Most kids at 5 years of age would answer the same way, \”No.\” It seems, and I base this off of my own experience and the experience of some of my other close friends, that the older we get, the more long-term we become in our thinking. It is this way even until the day of death; my Grandparents have only recently started realizing, \”One day I am going to die, and I need to have everything in order for my children and grandchildren.\” From everything I\’ve ever known, I would say that part of the maturing process in a person is learning to think further ahead than right now, or tomorrow. Unfortunately, in this culture it IS necessary to put certain limitations on teens, because we have not been taught to be responsible, thoughtful adults. The point is that teens ARE kids in this culture.
My hope is that in the future, we as parents WILL teach our kids to be adults, and that those who are parents NOW would be convicted to raise the expectations for their children.
Theres alot of good points in those comments…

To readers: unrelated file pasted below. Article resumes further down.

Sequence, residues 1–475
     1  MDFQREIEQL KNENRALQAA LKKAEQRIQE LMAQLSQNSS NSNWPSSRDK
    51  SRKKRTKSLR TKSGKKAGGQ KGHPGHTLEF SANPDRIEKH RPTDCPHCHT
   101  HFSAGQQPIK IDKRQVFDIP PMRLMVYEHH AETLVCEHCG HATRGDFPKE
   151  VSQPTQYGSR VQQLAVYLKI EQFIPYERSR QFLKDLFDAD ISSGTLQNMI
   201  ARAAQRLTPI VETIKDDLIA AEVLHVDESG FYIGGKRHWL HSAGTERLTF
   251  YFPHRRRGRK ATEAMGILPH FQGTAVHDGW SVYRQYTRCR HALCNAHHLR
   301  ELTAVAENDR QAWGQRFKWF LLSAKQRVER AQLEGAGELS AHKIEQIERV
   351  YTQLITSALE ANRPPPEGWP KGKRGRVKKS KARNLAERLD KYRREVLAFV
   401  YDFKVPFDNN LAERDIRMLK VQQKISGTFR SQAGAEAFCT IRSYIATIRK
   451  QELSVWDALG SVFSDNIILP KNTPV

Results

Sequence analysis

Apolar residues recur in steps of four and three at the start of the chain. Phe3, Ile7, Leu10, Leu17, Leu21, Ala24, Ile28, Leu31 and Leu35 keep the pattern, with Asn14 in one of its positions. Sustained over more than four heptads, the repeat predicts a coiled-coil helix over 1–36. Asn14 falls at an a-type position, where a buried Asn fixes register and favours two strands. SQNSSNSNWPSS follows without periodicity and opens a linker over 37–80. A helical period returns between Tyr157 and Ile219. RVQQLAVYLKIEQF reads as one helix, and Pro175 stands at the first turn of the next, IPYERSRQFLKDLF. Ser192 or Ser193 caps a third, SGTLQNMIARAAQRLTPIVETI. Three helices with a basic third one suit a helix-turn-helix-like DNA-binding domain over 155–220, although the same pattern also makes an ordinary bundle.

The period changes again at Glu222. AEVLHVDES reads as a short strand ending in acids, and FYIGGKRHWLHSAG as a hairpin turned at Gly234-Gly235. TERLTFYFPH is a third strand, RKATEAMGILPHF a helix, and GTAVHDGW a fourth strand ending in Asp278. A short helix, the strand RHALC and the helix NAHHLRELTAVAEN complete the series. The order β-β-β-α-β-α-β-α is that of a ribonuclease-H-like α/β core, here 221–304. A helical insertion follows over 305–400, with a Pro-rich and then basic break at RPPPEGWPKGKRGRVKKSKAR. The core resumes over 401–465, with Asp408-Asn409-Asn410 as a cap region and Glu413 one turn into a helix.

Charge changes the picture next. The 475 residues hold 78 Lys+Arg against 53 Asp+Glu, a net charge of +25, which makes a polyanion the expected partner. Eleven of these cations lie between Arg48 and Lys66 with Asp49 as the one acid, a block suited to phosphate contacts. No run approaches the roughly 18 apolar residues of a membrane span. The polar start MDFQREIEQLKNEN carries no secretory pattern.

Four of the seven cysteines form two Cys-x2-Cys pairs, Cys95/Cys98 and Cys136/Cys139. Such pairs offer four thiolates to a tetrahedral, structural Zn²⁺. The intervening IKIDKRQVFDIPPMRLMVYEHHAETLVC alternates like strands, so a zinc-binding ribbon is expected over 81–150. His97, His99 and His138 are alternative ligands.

My summary would be:
Lack of responsibility, kids mature at at least 15 but arn’t expected to be adult till their 20’s, which gives 5 solid years of no man’s land time.
Lack of purpose, or reason to live. Its hard for teens to live today because everything they want is given to them on a platter, they don’t need to go out and get a job to support the family, they get a job to get more nice cloths, stuff, and a car…
And as far as living life… its whatever you want to do but if you don’t do anything there is money in parents and government, or just some side job somewhere enough to make ends meet.
And with all the craziness out there, all the matirealism, it really doesn’t make you happy but leaves you empty on the inside. We’re getting richer but our spiritual needs are getting bigger too.
Which explains why youth are just living today, tommorrow doesn’t matter anymore. For some of them its just to painful to look ahead, despite all the stuff they have their empty inside as the Grand Canyon. And when your in pain… it doesn’t matter what you do. Drinking, sex, anything to fill that hole.. because ‘it won’t ever happen to me’ and if it does, its tommorrows worry.
When I look at today’s teen, I can see why they are who they are today.